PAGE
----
"But in a brief expected to be filed this month, Justice Department lawyers will counter that the framers of the Constitution meant only to rule out gifts and compensation for services, not ordinary, arm’s-length commercial transactions with foreign governments. Otherwise, they argue, the framers would have had to confront the potential effect of the ban on the nation’s earliest presidents, including George Washington, who supplemented his meager presidential salary partly by exporting flour and cornmeal to England and elsewhere."Problem is, George got $25,000 a year in 1789. Depending on what measure you use, that's $694,000 or millions of dollars in today's values, hardly a "meager" salary. By most measures he was one of the wealthiest of Americans, perhaps nearer the top than our current president (comparing wealth is the only way in which the two can be put in the same sentence) and his salary was certainly the highest (not many people drew a salary then--they drew profits from their enterprises).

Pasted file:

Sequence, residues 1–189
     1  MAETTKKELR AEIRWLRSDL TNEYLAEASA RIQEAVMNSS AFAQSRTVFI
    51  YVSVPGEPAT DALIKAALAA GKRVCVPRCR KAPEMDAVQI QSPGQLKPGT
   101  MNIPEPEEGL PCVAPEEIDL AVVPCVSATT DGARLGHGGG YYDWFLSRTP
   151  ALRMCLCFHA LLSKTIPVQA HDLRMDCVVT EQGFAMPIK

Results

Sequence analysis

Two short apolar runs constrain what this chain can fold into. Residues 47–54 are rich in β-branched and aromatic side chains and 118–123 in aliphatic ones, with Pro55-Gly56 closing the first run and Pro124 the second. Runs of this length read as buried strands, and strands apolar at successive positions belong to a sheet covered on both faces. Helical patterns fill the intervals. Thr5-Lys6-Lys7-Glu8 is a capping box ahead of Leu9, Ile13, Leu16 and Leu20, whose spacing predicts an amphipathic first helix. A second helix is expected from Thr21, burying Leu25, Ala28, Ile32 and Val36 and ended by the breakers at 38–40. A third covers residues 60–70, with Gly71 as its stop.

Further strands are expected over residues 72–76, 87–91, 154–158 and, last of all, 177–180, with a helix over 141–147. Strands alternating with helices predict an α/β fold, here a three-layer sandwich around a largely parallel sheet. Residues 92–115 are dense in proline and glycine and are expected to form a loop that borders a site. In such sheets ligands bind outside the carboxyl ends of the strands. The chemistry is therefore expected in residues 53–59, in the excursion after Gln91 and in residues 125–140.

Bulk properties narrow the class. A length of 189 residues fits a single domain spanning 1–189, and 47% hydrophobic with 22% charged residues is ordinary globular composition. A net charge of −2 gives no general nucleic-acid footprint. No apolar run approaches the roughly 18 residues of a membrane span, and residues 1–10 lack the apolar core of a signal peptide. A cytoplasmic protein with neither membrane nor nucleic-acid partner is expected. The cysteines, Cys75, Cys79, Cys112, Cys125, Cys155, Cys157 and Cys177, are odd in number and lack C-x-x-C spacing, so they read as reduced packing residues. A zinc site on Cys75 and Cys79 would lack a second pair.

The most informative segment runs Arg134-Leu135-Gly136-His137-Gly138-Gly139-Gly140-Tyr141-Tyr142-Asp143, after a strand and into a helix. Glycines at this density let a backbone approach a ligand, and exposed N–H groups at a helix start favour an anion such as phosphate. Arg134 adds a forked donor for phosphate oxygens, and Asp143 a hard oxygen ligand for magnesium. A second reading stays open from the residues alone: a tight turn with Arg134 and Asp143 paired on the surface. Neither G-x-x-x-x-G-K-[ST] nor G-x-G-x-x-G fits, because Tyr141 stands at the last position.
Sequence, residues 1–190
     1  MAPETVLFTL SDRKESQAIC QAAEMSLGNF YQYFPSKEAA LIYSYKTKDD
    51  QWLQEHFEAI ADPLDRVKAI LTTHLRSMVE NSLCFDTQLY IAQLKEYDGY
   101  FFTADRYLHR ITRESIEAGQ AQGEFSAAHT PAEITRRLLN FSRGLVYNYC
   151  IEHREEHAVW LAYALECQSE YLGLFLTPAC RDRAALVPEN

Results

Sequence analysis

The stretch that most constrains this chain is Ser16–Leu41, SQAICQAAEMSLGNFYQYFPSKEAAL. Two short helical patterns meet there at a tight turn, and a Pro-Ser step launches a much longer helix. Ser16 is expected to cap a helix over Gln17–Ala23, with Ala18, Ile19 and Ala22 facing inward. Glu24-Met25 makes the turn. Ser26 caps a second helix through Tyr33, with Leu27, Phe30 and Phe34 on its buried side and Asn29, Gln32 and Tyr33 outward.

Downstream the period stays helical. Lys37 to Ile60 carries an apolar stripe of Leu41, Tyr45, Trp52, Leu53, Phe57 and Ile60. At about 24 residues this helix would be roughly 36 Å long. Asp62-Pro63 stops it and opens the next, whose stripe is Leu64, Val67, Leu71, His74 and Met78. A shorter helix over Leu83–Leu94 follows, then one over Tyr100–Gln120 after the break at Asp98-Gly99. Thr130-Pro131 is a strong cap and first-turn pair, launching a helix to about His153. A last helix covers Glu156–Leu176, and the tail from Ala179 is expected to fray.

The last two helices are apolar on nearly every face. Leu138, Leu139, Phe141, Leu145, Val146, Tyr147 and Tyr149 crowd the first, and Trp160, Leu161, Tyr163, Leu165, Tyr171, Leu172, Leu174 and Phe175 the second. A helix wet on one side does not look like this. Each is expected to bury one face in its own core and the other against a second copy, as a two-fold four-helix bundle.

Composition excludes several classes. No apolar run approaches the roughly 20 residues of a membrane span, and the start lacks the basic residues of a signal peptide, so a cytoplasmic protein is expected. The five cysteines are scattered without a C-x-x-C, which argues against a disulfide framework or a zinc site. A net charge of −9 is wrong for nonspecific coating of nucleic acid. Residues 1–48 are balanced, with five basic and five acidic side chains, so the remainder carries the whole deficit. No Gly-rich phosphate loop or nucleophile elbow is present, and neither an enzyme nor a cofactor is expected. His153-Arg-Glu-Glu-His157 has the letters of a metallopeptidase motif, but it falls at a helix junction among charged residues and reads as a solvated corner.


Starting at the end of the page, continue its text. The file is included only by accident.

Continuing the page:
Wednesday, April 12, 2017
George Washington's Meager Salary?
The NYTimes blew one today, in an article discussing the renumeration clause of the Constitution, the authors wrote: